2018-10-11 / Columns

M22 Art2Art Tour popular

By LESLIE DISCH
Phone/fax 386-5686


HOLDEN AND Elsa Preneta are shown here at the M22 Art2Art show in Northport. HOLDEN AND Elsa Preneta are shown here at the M22 Art2Art show in Northport. Congratulations to all of the organizers and artists who were part of last weekend’s M22 Art2Art Tour around the county. The event was sponsored by the Suttons Bay Art Festival nonprofit. Donna Popke and Bill Perkins were the co-directors. Northport’s Village Arts Building was one of the four venues, featuring furniture and sculpture. Omena resident Larry Fox was one of the artists who participated. Wood sculptor Nick Preneta also has tie to Omena. He works with Thad Tomlinson and has been quite busy in Omena in the aftermath of the September 21 wind storm. His two children, Holden and Elsa, helped him at the opening reception on Friday night.

The Village Arts Building (VAB) will be home to another special show later this month. It was two years ago that Bill and Nina Collins gave the Northport Arts Association (NAA) the use of the VAB. In that short time, it has proven to be a wonderful base for showcasing the arts in the Northport-Omena area. To celebrate its second year, the NAA is holding a Members Art Show from Saturday, October 20 through Saturday, October 27 from noon to 4 pm daily. There is an Opening Reception for NAA Members only on Friday, October 19 from 6 - 8 pm.

Northport and Omena are also home to a lot of top quality musical talent. The Village Voices and the Northport Community Band are two of the organizations that showcase that talent. The Northport Community Arts Center annual Christmas Concert featuring both groups will be Sunday, December 9 at 2 pm.

The Village Voices welcomes anyone who loves to sing and can make the commitment to attend rehearsals to join the group. Rehearsals for the Christmas Concert will begin on Tuesday, October 16 from 6:30 to 8:30 pm in the Northport Public School Music Room and continue until the concert.

Villages Voices Director Jonah Powell is also the director of the Leelanau Community Choir, and a talented singer and musician. If you have any questions or would like more information about the Village Voices please contact publicity board member Laura Kalchik at familiestc@gmail.com or call 231-386- 1168.

This has been the craziest weather. As I got in the car on a warm and sunny morning this past Tuesday, there were the winter hats and gloves that we wore at UnCaged just a week and a half ago, and have used on a couple of chilly early mornings since then. We don’t usually get those out in early October. We are approaching peak color around Omena. It depends on far inland you are, but it is coming along everywhere. I always have mixed feelings about this time of year. It is beautiful, but such a harbinger of things to come. The other phenomenon that is peaking is fruit flies. I actually thought we were going to get by with a pretty light year, but the returning warmth has brought them out over the last two days.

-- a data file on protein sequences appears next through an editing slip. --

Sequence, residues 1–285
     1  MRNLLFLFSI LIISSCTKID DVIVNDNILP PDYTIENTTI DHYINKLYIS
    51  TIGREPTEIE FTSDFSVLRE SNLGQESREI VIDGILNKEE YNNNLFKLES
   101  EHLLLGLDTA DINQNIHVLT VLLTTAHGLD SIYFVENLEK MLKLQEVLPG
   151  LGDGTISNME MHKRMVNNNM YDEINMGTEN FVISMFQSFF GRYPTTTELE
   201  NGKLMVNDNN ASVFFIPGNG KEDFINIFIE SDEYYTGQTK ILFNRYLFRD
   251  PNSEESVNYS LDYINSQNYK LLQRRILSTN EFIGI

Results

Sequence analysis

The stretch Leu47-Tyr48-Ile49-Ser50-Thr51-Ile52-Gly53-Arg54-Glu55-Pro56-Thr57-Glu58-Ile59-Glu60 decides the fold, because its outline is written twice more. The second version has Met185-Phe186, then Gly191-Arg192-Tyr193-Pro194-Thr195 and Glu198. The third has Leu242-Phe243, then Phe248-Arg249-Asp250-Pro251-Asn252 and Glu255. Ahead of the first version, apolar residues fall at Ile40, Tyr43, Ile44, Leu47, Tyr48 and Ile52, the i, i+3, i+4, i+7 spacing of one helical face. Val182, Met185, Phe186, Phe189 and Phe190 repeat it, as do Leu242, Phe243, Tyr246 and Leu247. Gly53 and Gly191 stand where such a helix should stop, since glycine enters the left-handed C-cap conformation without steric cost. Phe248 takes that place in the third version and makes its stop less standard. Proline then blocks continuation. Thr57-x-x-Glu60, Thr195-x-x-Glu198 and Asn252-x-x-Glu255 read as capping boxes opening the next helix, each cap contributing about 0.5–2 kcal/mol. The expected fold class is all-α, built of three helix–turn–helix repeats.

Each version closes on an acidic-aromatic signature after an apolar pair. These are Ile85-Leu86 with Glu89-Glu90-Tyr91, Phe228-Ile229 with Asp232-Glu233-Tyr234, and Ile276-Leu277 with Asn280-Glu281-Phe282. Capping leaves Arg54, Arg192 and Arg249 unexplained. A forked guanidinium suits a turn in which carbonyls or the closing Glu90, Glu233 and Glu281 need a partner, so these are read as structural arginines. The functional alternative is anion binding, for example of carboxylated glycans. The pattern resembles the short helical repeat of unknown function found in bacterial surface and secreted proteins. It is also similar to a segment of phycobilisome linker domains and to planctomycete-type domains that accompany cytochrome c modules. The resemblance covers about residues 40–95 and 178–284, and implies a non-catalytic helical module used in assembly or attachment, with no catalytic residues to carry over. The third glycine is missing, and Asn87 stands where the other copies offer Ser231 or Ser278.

The Leelanau Conservancy is celebrating autumn with a number of fall color docent-led hikes. This Saturday at 10 am is a Peak Color Hike at Houdek Dunes. An Autumnal Bliss Hike is this Sunday at 1 pm at Whaleback Natural Area. The following two Saturdays, also at 10 am, are the Changing Seasons Hike at Krumwiede Forest Preserve on October 20, and then the Late Fall Color Hike at Clay Cliffs Natural Area on October 27. Call the Conservancy, 256- 9665, or go to their website to make a reservation for these hikes.

There are also two Conservancy workbees in October. There will be a Native Shrub Planting Workbee at Chippewa Run on Monday, October 15 from 10 - noon, and a Trailbuilding Workbee at DeYoung Natural Area open Wednesday, October 24.

Do you ever wonder exactly how and why the leaves change color? Leaves are colored by molecules called pigments. Chlorophyll is the pigment that causes leaves to be green, and is critical for plants to make food using sunlight. In autumn when there is less sunlight, some plants stop making chlorophyll. Instead, those plants break down chlorophyll into smaller molecules. As the chlorophyll goes away, other pigments start to show their colors. If the plants can break down the chlorophyll and move it out of their leaves before the leaves fall, they save energy. The plants can then reabsorb the molecules that make up chlorophyll. Then, when it’s warm and sunny enough to grow again, the plants can use those molecules to remake the chlorophyll without starting from from scratch.

The carotene and xanthophyll pigments are yellow and orange. Anthocyanins are other plant pigments that are only made in the fall. These pigments cause red, pink, or purple colors. All trees contain chlorophyll, carotene and xanthophyll, but not all of them produce anthocyanins. Even the ones that do have anthocyanins only produce it under certain circumstances.

The prevailing theory is that anthocyanins protect the leaves from excess sunlight and enable the trees to recover any last remaining nutrients. If it’s been especially rainy and overcast, you won’t see much red foliage. Without bright sunlight, the trees don’t need the added protection that the red pigments provide, so they don’t bother producing them.

October is National Book Month. Leelanau County is fortunate to have a number of wonderful, local independent bookstores. Be sure to visit one or two and pick out some good October reading.

Happy 60th Wedding Anniversary to Ed and Caroline Oberndorf on October 11. Matt and Meg Wilkes and their children, Ella and Peyton, will be joining them in Cleveland for the celebration.

Happy Anniversary also to Dick and Nana Kennedy, Bill and Rat Renz, and Adam and Jennifer Smart.

Happy Birthday to Suzie Mulligan, who is celebrating her first birthday in her new residence in Cordia in Traverse City. Happy Birthday also to Jim Browning and Jim Morrison.

Return to top